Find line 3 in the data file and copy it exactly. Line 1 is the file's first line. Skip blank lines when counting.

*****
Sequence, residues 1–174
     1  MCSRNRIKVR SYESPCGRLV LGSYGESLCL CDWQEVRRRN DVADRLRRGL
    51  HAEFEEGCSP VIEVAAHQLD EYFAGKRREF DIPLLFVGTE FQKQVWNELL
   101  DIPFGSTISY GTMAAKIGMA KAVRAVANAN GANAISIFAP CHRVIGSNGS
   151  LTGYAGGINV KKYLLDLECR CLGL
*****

    51  HAEFEEGCSP VIEVAAHQLD EYFAGKRREF DIPLLFVGTE FQKQVWNELL